Simple, savory and saucy. Those words sum up this recipe for a Taiwanese favorite. I first had this rustic comfort dish in Taipei in 2010, while doing field research for Asian Tofu. I was on a budget and after long day of chasing bean curd, I came across a locals only cafe that specialized in rustic rice dishes. The menu was small and you picked out little salads and ordered a rice bowl with protein. I selected a cucumber salad, pressed tofu salad and a pork rice bowl. What surprised me was the rich, salty-sweet nubs of pork that graced the rice bowl. It was so good, I could barely stop eating. The humble pork rice bowl was low-meat eating at its best.
I didn’t think about the Taiwanese pork and rice treat until earlier this year when I ate at Pine and Crane in Los Angeles. The casual cafe had a lovely version, heady with bits of pork belly, five spice and star anise. There was boiled egg and a pickle side to go with the rice. I was hooked and made several renditions when I got home.
My knowledge of Taiwan is limited but the short time that I spent there, as well as my Taiwanese friends, totally charm me. As a result of geography and history, Taiwan is a wondrous combination of China, Japan, and Southeast Asia. There’s sushi, Shanghai soup dumplings, and Thai basil on menus. Night markets happen daily in Taipei. The cab drivers are nice and knowledgeable. People are generous and outward looking.
That’s why I gravitated toward Cathy Erway’s new book, The Food of Taiwan. It’s a great travelogue and introduction to Taiwan, its culture, history, and cooking. Cathy does a nice job with making cultural equivalents so as to create bridges that help people better understand Taiwanese food.
For example, her recipe introduction (“headnote”) for this lu rou fan described it as “the standard Taiwanese standard Sunday sauce, or ragu.” You can serve it over rice or noodles. I made it last Sunday with the addition of star anise and boiled eggs, which I really enjoy in this preparation. For the shallot, I fried it as part of the recipe, which I usually do. Overall, it was easy and fun.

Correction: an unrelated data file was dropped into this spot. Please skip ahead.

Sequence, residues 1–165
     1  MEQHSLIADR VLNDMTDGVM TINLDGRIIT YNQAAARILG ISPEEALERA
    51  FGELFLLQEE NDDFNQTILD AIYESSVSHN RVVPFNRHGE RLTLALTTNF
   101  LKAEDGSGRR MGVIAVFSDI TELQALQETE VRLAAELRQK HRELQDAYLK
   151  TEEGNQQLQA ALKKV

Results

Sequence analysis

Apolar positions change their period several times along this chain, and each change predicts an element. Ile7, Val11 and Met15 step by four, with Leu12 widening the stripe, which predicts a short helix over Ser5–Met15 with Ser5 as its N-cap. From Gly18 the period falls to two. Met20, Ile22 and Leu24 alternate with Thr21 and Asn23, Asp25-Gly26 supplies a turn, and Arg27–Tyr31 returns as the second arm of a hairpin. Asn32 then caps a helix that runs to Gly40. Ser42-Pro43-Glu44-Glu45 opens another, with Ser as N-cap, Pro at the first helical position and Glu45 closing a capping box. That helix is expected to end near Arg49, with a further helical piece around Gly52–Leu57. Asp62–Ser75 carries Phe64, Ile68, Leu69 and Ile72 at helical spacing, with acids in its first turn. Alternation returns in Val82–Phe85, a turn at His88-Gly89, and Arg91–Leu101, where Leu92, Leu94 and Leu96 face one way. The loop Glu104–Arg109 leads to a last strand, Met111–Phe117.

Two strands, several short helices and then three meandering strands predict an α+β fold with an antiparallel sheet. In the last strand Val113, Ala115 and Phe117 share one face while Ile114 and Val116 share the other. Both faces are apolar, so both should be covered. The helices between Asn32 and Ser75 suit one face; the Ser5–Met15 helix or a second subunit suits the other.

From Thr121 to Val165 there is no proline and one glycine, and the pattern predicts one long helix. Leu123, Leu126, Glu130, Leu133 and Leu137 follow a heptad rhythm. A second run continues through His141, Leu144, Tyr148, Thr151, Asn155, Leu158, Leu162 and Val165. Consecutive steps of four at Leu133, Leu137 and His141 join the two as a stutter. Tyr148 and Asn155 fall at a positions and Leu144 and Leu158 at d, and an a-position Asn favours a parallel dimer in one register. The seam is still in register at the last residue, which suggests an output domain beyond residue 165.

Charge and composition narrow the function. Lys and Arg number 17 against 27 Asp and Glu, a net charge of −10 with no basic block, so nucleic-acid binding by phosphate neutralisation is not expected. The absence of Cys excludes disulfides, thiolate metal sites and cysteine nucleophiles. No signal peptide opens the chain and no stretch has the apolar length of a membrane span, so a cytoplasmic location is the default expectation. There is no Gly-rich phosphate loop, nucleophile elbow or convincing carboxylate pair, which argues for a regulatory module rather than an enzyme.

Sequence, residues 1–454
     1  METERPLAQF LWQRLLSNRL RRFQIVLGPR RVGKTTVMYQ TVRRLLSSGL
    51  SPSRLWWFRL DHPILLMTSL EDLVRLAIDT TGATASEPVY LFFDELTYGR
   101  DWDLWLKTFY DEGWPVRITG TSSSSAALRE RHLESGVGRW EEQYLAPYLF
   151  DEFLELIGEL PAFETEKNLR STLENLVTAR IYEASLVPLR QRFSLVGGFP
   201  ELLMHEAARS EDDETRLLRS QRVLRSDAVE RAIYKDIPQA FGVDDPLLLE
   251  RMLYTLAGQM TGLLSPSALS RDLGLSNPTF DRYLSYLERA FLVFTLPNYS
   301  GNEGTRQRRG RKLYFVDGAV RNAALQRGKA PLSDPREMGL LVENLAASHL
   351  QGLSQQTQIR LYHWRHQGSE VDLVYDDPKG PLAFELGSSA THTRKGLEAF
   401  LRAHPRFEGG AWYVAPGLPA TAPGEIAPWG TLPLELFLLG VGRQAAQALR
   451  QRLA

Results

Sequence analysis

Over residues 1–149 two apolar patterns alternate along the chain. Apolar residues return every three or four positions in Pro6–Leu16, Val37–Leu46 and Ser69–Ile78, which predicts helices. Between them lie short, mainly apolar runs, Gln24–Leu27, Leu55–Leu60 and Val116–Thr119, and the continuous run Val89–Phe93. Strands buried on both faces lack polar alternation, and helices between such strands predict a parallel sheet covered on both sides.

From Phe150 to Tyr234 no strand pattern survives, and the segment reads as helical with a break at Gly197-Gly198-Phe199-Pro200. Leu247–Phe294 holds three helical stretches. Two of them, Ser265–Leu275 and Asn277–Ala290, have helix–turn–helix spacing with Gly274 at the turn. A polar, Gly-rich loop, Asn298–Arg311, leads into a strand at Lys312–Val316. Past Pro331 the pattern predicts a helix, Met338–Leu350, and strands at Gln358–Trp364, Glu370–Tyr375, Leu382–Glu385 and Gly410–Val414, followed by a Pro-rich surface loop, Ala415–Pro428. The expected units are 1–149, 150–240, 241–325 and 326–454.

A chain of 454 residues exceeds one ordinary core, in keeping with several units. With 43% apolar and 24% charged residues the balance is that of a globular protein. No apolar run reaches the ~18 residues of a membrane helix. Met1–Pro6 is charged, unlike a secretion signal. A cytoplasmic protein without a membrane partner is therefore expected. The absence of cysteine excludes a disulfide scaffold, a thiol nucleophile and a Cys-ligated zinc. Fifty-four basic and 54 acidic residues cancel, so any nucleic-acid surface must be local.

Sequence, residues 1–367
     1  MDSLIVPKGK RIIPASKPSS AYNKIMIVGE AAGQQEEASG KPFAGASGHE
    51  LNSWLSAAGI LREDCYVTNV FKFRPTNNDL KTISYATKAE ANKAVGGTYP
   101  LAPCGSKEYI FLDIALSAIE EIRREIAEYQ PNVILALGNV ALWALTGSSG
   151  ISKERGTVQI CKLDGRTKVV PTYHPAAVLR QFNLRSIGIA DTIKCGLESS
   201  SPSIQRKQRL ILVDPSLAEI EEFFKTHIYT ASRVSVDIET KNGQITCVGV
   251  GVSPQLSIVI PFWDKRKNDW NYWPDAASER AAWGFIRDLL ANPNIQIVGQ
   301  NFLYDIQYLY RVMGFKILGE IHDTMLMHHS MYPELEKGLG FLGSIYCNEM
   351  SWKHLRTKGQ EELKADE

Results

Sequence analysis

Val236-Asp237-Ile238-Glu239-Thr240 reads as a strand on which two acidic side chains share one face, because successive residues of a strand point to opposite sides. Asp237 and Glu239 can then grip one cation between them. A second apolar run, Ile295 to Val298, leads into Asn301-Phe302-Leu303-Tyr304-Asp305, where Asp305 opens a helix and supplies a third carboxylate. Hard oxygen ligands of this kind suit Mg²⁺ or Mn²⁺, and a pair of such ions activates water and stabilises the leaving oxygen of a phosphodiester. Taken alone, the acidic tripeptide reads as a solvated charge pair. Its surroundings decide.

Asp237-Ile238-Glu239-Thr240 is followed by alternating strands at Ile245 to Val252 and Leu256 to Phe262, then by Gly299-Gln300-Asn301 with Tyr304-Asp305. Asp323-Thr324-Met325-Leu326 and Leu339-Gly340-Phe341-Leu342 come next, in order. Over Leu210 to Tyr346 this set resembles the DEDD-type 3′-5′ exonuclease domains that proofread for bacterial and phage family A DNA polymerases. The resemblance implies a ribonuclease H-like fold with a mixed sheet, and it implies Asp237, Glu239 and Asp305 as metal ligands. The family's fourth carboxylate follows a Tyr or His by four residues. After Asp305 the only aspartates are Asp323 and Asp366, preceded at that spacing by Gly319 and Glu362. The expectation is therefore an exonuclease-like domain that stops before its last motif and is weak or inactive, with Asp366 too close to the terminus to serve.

The flavors can seem very bold so use the lesser amount of soy sauce, if you like. Or, choose a Taiwanese soy sauce, like Kimlan brand, which tends to be sweeter and lighter in flavor than mainland Chinese soy sauce. I served the pork atop beige rice and on the side, citrusy red cabbage pickle (see The Banh Mi Handbook for the recipe) and stir-fried vegetable.
There are likely countless ways to make this Taiwanese comfort food so try this recipe out and make it your own! Use gluten-free soy sauce, if you like.
Five Spice Pork Sauce
Yields: 4 servings
- 2 ounces (60 g) thinly sliced shallot
- 3 tablespoons canola or other neutral oil
- 1 garlic clove, minced
- 1 pound (450 g) ground pork or coarsely ground/hand-chopped pork shoulder or belly
- 1 1/2 teaspoons sugar
- 1/2 teaspoon Chinese five-spice powder
- 1 star anise (8 robust points)
- 1/2 cup Shaoxing rice wine
- 2 cups water
- 1/3 to 1/2 cup regular soy sauce
- 3 to 4 tablespoons dark soy sauce, or 2 tablespoons regular soy plus 1 to 2 tablespoons dark molasses
- 3 or 4 medium or large eggs
- 2 green onions, green part only, cut into rings
- To facilitate quicker frying, blot moisture from the shallot with paper towel. Set aside. Heat the oil in a medium pot over medium heat. Add the shallot and gently fry for about 5 minutes, stirring frequently and lowering the heat to control the browning process. When the shallot closes in on a rich brown, use a slotted spoon to transfer it to a paper towel to cool and crisp.
- Off heat, remove all but 1 tablespoon of oil; reserve the tasty oil for something else. Return the heat to medium, add the garlic and cook until fragrant, about 1 minute. Add the pork, pushing and mashing it to small pieces. When it’s no longer pinkish, add the sugar, five spice, star anise and fried shallot. Cook, stirring, until well blended, about 1 minute.
- Pour in the rice wine, adjust the heat to bring to a boil, then let things rapidly bubble for about 30 seconds. Stir, once in awhile. Add the water and regular and dark soy sauces. Lower the heat to medium-low or low, cover, and gently simmer for 1 good hour. Cathy says you can go as long as 2 hours to arrive at very tender pork and a slightly thickened sauce.
- Meanwhile bring the eggs to room temperature before boiling them. If you need an assist, see these hard-boiled egg tips for guidance. Peel the eggs after they’ve cooled and set aside.
- When the pork is done, add the eggs, return the pot to a simmer, then turn off the heat. Let sit, uncovered, for 15 minutes for flavors to develop. This dish can be refrigerate for up to several days. Reheat before serving.
- To serve, cut the eggs in half or quarters. Scoop the pork and some of the cooking liquid onto your bowl of rice add the egg and garnish with green onion.
Adapted from Cathy Erway's The Food of Taiwan (Houghton Mifflin, 2015).